From March 21-23, 2011, AGYA Co-Founder and Executive Director, Divinity Barkley Matovu, visited Ethiopia where she met with several youth living in Addis Ababa, the urban capital of Ethiopia. While there, Divinity was hosted by 28 year old Robel Alawi, a native of Harar, Ethiopia who works part-time as a travel guide for international visitors. Robel also works with an organization that provides basic care for orphans, street children, and homeless youth who live in abject poverty in Addis Ababa.
Above: Divinity & Robel have lunch at Ethiopia's National Museum in Addis Ababa while discussing potential solutions to the challenges facing urban African youth.
Below: Divinity Barkley Matovu, AGYA's Executive Director, outside of Addis Ababa University's Institute for Ethiopian Studies - the former site of Emperor Haile Sellassie's Main Palace.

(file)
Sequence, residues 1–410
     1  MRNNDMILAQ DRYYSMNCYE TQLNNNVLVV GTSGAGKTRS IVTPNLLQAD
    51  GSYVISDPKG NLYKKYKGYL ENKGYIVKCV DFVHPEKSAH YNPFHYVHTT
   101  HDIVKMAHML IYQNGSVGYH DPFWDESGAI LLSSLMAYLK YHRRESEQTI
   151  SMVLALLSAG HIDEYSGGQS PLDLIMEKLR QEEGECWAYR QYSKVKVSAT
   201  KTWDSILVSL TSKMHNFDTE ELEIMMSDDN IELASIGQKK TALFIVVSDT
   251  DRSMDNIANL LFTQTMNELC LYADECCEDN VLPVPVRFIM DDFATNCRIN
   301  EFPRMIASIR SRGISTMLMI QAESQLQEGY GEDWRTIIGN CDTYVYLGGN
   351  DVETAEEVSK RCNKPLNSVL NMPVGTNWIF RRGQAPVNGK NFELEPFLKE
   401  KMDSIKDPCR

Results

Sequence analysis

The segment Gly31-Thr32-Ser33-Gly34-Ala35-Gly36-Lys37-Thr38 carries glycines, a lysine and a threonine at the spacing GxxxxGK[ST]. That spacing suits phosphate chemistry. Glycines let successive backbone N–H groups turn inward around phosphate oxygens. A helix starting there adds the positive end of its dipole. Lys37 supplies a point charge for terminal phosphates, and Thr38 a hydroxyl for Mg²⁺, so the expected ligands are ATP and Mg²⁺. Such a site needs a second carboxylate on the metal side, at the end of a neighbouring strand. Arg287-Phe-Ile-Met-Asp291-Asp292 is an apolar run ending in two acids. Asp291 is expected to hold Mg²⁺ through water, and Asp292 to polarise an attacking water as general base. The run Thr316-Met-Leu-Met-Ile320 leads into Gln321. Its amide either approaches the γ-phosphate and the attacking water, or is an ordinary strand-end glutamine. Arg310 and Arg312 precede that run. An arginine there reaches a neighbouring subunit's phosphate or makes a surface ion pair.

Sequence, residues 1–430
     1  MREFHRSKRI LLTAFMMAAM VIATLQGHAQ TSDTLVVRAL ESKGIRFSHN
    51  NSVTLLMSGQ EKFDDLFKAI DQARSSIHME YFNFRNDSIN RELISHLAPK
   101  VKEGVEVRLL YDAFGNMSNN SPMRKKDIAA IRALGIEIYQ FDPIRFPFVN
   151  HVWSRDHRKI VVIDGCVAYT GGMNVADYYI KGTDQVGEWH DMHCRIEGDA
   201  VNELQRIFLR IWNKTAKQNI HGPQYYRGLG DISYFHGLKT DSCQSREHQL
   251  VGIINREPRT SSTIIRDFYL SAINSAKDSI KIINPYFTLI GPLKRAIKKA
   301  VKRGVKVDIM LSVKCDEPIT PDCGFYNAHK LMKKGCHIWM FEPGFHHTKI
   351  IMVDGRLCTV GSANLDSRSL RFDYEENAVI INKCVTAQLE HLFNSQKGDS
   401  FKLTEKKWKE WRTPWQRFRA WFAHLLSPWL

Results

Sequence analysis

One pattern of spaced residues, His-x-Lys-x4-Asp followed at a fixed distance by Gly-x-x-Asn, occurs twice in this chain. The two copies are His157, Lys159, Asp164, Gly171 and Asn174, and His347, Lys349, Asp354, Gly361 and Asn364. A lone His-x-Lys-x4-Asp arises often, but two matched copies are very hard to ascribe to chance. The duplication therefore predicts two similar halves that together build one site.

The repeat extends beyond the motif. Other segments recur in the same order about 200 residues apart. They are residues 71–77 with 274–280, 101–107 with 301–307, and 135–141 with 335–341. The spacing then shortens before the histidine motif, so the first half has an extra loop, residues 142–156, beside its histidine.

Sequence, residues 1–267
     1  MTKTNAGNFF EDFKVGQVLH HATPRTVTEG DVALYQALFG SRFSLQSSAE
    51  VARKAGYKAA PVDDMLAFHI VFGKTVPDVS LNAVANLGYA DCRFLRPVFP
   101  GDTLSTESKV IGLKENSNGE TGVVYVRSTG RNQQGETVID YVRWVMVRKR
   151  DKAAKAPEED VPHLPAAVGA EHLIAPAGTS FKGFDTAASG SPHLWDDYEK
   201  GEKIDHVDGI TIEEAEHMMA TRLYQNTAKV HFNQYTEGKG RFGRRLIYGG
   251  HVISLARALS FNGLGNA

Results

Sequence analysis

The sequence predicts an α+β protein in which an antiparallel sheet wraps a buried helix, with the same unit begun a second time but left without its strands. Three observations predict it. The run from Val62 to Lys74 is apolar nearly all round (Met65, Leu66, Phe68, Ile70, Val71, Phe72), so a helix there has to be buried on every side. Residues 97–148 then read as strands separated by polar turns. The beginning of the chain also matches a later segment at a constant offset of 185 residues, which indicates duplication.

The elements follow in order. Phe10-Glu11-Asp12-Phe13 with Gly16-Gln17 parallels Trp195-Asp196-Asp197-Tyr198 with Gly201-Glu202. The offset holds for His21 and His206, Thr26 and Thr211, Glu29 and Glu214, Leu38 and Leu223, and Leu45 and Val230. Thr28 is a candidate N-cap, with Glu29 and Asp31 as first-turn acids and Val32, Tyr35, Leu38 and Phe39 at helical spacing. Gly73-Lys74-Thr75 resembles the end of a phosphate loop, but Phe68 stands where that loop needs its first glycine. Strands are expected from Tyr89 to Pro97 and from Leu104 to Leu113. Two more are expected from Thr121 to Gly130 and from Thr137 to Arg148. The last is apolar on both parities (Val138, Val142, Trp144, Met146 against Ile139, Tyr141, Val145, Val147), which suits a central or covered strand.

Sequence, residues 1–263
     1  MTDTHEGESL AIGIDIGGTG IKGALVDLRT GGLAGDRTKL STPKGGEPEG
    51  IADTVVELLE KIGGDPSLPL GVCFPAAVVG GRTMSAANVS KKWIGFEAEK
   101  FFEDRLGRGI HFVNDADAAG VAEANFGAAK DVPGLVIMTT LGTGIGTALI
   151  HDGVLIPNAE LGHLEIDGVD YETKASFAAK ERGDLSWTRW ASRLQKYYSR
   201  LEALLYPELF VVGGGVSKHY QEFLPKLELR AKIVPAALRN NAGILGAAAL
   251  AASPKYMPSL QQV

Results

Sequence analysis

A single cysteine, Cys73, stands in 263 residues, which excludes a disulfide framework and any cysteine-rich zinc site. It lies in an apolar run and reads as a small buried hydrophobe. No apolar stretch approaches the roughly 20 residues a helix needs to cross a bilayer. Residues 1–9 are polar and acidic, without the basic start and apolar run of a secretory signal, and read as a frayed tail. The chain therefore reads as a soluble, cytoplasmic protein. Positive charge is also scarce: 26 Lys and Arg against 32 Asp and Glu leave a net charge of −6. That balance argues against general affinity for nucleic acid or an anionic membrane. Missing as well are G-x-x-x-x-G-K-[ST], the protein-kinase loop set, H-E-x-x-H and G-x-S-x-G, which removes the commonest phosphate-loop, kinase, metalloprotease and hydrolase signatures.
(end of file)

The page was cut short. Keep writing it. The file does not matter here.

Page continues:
After conducting an informal needs assessment with Robel and observing the lifestyle of several young people living in urban poverty, Divinity strongly believes that Addis Ababa is a viable location for a new AGYA Community Center. Our goal is that, by 2020, AGYA will be operating 5 additional community centers in major urban African cities that will train and mobilize 10,000 youth to use performing and media arts as a platform to advocate for education, economic development and social change in their communities.
In order to explore this opportunity further, Divinity will return to Addis Ababa in June 2011 with AGYA's Uganda Country Director, Abraham Matovu to conduct a formal needs assessment and meet with several youth, NGO, and community leaders whose support, linguistic skills, and knowledge of local trends will be instrumental to the decision to expand AGYA's model in Ethiopia.